The city was forced to fire 40% of its 260 police officers and told its residents to be judicious with calling 911. Crime rates unsurprisingly jumped above the state average.
Vallejo didn’t sort its pension obligations to CalPERS during its bankruptcy negotiations which ended up becoming its largest budget hole by a considerable margin. Even in 2011 when the city came out of bankruptcy the pension time bomb ticked away. Moreover the declaration of bankruptcy prevented access to bond financing making budget gap filling even more complicated.
Scroll to 2016, the anaemic (and slowing) economic growth around the world is putting stress on pension funds ability to payout retirees and fund future pensions. Pensions funds set “return targets” which actuaries set to ensure the fund stays solvent. However pension funds need to be diversified with a mixture of cash, bonds and equities. With equities reaching more outlandish valuations and bonds moving further into negative yield territory (capital appreciating at least) pension fund returns are undershooting. When pension funds undershoot then the unfunded liabilities keep growing. As more baby boomers retire the more outflows are required putting more pressure on the unfunded portions.
Vallejo was small fry but the risk of more cities declaring bankruptcy in coming years is something that isn’t even on investor, national government or central bank radar screens. We’re fed more of the same tripe that all is ok and they’re in control.
San Bernadino, California also filed for bankruptcy after GFC carrying $140mn in unfunded pension liabilities including $50mn in debt it had raised to fill the pension hole. Yes! It was borrowing money to plug a pension hole. Sort of like buying groceries on the credit card you can’t pay off.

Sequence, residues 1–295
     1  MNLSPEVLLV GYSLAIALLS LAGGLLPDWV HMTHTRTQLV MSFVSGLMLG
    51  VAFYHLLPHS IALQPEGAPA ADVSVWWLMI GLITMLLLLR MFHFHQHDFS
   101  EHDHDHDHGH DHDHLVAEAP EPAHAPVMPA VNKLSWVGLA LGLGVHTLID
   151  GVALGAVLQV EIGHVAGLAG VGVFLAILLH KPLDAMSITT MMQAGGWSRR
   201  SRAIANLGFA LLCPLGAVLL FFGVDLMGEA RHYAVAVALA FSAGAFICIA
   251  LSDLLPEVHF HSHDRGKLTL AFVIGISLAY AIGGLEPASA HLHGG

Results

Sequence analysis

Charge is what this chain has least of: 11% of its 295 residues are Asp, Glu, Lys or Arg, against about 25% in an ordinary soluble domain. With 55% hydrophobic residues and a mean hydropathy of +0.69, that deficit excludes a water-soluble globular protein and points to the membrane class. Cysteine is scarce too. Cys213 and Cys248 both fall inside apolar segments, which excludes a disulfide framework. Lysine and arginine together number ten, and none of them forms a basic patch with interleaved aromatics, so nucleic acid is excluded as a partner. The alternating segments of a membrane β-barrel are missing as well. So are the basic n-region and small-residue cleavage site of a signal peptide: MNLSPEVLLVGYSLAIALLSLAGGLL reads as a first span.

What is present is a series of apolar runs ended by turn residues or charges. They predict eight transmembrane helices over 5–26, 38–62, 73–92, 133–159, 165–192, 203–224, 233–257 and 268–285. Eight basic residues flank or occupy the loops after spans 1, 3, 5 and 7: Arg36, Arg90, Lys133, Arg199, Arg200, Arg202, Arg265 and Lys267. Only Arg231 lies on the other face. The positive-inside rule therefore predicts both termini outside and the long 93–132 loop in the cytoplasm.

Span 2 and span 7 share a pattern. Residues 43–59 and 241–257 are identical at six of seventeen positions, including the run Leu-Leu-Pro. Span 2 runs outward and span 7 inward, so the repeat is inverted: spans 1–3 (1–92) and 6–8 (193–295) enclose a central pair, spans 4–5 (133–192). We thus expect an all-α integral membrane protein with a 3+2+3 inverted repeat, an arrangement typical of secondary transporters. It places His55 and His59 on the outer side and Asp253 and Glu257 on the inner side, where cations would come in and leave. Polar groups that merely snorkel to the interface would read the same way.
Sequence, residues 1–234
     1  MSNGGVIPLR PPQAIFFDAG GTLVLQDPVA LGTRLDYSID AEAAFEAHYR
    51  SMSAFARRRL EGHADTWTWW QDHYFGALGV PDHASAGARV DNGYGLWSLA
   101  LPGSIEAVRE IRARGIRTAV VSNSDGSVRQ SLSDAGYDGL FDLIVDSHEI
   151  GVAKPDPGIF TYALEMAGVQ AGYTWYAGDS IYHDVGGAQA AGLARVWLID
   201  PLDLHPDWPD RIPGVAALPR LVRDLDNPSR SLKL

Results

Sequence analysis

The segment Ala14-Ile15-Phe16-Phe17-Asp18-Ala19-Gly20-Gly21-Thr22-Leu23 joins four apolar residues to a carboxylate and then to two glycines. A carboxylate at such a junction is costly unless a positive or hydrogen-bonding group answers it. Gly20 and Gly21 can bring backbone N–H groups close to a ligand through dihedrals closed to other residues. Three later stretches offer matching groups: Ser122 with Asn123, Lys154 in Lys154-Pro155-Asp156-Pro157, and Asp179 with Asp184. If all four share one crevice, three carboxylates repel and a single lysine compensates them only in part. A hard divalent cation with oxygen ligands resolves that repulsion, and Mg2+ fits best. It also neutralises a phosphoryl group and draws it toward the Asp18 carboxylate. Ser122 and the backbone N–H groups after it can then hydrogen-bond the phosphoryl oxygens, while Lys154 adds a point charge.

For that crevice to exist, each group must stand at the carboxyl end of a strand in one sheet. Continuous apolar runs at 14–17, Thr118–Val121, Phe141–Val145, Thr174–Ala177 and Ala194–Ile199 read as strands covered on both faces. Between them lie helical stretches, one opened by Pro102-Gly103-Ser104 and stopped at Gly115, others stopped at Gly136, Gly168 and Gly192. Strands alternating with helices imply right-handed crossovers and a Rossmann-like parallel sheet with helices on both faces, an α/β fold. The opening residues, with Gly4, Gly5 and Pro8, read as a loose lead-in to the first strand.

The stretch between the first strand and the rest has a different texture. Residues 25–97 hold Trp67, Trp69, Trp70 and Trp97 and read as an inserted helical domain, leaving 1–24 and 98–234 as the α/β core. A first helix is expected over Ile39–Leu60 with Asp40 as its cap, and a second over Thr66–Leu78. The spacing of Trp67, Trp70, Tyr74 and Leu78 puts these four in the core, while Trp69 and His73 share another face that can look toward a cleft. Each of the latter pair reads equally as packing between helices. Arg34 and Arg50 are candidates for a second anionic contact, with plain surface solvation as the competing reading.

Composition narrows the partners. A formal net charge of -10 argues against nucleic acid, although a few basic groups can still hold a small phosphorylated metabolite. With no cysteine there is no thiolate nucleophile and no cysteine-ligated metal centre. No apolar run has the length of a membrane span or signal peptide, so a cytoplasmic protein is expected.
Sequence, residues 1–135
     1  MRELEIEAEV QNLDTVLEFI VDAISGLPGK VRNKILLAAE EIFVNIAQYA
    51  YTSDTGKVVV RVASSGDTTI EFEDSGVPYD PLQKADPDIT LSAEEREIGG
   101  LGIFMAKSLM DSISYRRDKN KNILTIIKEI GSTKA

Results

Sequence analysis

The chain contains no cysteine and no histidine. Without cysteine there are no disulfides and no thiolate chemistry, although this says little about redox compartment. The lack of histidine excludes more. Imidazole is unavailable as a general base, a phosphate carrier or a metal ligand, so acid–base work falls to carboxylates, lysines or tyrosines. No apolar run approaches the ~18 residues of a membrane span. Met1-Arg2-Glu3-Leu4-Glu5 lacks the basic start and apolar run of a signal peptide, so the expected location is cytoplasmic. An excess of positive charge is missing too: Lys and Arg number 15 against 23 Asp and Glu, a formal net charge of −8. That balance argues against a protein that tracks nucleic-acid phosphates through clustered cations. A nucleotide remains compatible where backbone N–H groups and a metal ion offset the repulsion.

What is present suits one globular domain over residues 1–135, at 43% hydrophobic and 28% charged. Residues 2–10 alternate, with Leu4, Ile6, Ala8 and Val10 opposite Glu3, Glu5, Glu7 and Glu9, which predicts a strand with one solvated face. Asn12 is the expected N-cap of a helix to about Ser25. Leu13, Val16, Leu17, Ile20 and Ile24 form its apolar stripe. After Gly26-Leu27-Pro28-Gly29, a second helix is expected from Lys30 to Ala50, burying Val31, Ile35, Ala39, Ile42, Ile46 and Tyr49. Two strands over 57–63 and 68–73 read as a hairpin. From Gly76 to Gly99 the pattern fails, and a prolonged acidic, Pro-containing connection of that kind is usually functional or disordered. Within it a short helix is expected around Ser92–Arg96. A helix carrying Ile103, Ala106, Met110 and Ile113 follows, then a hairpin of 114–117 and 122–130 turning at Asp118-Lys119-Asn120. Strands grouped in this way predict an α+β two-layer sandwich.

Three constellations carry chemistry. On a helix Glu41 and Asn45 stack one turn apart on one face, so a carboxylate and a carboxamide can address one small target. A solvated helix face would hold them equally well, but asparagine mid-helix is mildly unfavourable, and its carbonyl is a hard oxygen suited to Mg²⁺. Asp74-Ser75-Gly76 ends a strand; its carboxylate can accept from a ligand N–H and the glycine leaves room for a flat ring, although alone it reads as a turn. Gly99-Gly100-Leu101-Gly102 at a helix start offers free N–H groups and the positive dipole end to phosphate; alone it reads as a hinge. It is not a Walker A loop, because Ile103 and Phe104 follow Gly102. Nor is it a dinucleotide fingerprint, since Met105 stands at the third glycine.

San Jose spends 20% of its $1bn budget on healthcare and pensions given the generous offer following 30 years service in police or firefighting. They net 90% of final salary every year to see out their retirement. Those sweet deals are now being contested in court giving people the option of the same deal with much higher contributions or accept a higher retirement age with a lower payment.
Take Detroit, Michigan. It declared bankruptcy around this time three years ago. It’s pension and healthcare obligations total north of US$10bn or 4x its annual budget. Accumulated deficits are 7x larger than collections. Dr. Wayne Winegarden of George Mason University wrote that in 2011 half of those occupying the city’s 305,000 properties didn’t pay tax. Almost 80,000 were unoccupied meaning no revenue in the door. Over the three years post the GFC Detroit’s population plunged from 1.8mn to 700,000 putting even more pressure on the shrinking tax base.
What we are likely to experience is more city and potentially state bankruptcies this time round. With over-inflated assets which aren’t producing returns and cash rates effectively zero or negative in the US, EU and Japan portfolio diversification gets more complicated pushing real returns lower and unfunded liabilities higher. There is no easy out. Printing more money will not help fill the hole. Even if it managed to keep nominal payments broadly unchanged the buying power would be severely diminished. What we can say is serious problems are being stored up and likely to arrive at the least opportune moment where realities will have to be faced and the blame game taken to new levels. It is truly a frightening prospect that once again Main Street will be left to carry the can!
As I have said repeatedly. Whoever wins the US presidency would be lobbed a hand grenade without a pin. Testing times ahead.